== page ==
London. Man, why is it always London? I know I know, long rich history, lots of well-known landmarks that are still kicking around, mostly white authors of English descent. There are all kinds of reasons why London, but you know what would be great? Not London. Europe has all kinds of old and awesome cities that could be the focal point of your narrative. As soon as I saw “alternate London” I just sort of went ‘ugh, okay then.’ I felt more like I was buckling down than gearing up. I suppose the one thing it had going for it was the fact that other than being called London, they cities apparently have next to nothing in common. Oh except that there’s a magical bar that also happens to be in the same place in all the cities. The Londons are also colour-coded for our benefit. The one we know, our world, is Grey London. The one the main character Kell comes from is Red London, which is super nice, and full of magic, and rainbows. Then there is stark, sort of evil White London, and hopefully no longer existing or at least completely cut off from everybody actually evil Black London. The royalty in each one directly reflects these vague themes, to an almost hyperbolic degree. The whole thing feels a little pasted together. Granted I only read a quarter of the novel, but I read the first quarter, the one where Schwab should be painting me a beautiful picture of each London to make sure I really feel it. But all I came away with was Grey=Boring, Red=Great, White=Mostly Evil, Black=All Evil. Lost opportunity.
One thing A Darker Shade of Magic did have going for it was the magic system, again with what little I saw of it. We’ve got a fairly typical elemental control sort of Last Airbender kind of thing, with earth, air, fire, water and bone being the elements. Most people who can do magic have a particular affinity with one and rarely others. Kell is an Antari, which so far appears to mean he can do every kind of magic, and also maybe he’s got some evil something in him, because he can do blood magic, which is the magic of command. The actual execution of what little magic we see besides his blood-based travelling magic was pretty cool. The descriptions of his elemental manipulations read really well. Definitely good future-movie stuff.
As for the plot of A Darker Shade of Magic, it’s difficult to say. This was definitely a specifically crafted preview of the story, since it basically ends on the cliffhanger part where you’d have your first commercial break. I have a feeling from what I’ve read so far that it’s going to be reasonably interesting, but with some of the tropey crud that I feel bogs a lot of stories down. The whole interplay between Kell and Delilah Bard mentioned in the publisher description just reeks of Manic Pixie Dream Girl stuff, though Kell is a character that doesn’t read like the typical protagonist in those stories. But the fact that they basically run into each other Meet-Cute style doesn’t bode well. What I saw of Delilah on her own was pretty great. She had aspirations, goals, guts, and didn’t need to be protected even while avoiding being just a guy with breasts. But with the kind of set up where I was left, I just had this image of Kell being Hugh Grant in the movie and shuddered a little. Some of the other reviews I’ve seen have been wondering how much romance is in this book and how much potential for it there is. So far I feel like “It’ll be there, and I’ll wish it wasn’t.” Kell goes and does things, but any time he does something ‘wrong’ he has this little thrill of disobeying that is just begging for a crazy fun-loving female character to pull him out of his shell, and I’m very much afraid that it’ll ruin Delilah for me if I read the rest of the book and the later books in the series. Another lost opportunity.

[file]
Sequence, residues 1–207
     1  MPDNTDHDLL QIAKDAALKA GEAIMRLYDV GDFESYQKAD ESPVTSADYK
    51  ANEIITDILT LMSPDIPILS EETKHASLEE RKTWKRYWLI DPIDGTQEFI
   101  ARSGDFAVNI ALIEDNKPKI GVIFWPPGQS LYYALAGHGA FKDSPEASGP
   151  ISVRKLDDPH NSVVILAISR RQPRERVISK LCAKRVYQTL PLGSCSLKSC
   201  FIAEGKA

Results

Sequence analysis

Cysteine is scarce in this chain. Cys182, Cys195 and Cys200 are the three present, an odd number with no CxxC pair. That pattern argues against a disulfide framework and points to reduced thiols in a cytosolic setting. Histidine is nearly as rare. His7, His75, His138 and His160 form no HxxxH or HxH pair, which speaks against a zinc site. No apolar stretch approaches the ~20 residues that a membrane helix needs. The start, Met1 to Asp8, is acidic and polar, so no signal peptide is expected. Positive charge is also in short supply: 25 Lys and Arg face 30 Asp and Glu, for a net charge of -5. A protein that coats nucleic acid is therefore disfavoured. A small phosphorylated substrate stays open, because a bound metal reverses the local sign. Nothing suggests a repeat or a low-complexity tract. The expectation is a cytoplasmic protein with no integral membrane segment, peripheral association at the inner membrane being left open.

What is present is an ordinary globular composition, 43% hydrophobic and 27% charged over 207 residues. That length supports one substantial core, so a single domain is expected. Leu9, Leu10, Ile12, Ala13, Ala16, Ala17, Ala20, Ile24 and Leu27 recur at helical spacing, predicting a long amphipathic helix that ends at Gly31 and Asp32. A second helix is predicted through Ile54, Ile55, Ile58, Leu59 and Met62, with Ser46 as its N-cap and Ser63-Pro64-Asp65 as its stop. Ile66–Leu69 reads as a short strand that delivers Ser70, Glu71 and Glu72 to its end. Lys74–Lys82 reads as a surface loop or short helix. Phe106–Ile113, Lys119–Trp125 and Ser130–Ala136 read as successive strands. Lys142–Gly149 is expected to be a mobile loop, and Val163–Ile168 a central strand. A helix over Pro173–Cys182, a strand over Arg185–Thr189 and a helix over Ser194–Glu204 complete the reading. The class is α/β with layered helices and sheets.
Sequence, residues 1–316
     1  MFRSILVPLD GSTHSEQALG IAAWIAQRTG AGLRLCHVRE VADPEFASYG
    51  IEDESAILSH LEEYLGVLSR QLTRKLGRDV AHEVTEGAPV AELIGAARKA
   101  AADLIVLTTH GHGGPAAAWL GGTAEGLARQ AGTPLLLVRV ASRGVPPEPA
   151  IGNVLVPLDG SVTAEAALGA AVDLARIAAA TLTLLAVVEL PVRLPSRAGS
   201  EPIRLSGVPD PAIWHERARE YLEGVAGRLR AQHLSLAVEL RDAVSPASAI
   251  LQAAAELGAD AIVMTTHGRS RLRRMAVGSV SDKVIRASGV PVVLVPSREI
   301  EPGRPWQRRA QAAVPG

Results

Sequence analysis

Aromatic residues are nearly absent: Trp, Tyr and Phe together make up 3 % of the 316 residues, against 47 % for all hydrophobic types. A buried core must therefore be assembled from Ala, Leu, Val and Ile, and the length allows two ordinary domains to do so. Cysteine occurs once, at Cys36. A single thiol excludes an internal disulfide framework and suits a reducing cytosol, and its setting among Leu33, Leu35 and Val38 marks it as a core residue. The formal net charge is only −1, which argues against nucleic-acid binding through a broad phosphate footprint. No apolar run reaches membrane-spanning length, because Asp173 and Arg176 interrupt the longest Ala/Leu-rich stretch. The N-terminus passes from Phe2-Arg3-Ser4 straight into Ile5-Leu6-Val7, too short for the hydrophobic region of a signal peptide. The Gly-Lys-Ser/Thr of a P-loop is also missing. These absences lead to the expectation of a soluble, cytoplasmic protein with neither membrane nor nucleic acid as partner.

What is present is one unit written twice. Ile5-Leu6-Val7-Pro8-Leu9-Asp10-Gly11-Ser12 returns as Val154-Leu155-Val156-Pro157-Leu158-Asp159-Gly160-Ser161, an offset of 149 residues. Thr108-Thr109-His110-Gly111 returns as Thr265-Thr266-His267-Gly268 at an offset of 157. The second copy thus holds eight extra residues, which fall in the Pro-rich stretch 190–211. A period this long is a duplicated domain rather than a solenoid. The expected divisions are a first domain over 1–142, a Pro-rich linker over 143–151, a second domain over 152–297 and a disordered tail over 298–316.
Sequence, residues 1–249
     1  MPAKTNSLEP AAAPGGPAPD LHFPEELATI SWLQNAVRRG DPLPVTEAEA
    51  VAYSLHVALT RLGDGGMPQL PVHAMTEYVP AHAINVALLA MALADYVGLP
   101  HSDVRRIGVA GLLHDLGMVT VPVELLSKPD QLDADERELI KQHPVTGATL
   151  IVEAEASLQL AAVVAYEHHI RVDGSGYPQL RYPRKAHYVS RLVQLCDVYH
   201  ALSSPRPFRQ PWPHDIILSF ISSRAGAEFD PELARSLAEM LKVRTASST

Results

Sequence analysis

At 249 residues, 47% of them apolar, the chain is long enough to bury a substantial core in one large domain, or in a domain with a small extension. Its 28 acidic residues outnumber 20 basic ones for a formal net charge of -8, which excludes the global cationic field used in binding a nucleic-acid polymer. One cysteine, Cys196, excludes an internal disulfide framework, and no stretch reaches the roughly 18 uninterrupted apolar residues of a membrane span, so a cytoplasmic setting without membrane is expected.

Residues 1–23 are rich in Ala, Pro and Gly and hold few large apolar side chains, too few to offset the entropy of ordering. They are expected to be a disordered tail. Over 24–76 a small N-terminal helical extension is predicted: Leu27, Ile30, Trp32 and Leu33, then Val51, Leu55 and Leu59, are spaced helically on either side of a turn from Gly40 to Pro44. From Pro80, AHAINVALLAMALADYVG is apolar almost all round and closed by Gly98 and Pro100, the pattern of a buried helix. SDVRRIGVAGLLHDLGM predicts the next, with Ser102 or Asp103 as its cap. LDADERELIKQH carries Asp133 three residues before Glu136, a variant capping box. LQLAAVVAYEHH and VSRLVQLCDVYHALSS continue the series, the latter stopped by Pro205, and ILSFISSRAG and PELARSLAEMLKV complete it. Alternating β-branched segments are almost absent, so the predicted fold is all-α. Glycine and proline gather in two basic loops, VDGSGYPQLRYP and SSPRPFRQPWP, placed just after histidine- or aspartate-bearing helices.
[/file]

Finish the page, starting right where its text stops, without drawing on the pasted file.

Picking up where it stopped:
I feel like I should cut this short just in case the preview isn’t representative of the whole in a way that makes you feel misled by the review! Altogether I enjoyed what I read as much as I could, given my unease about where it was going and my general dislike of throwing ANOTHER ‘Magical London’ book on the ever-growing heap. I’d like to see more of the magic system, and hope that Delilah doesn’t just turn into a zany foil and love interest for Kell. I’ll probably be picking up the full novel just to satisfy my curiosity. Maybe I’ll put together a comparative review based on this, as part of a look at how preview excerpts work compared to full novels. Fun times.
Dan received a Preview Excerpt of this novel from Tor Books via NetGalley
© 2013 - 2015